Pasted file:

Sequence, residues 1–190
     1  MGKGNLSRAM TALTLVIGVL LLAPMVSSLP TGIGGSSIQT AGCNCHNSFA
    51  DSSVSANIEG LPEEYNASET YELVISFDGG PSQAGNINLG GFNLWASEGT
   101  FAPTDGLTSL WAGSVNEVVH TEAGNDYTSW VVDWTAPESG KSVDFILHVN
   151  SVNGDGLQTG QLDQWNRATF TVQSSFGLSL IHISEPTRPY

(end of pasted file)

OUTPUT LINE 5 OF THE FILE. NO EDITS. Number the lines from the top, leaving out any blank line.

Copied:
   151  SVNGDGLQTG QLDQWNRATF TVQSSFGLSL IHISEPTRPY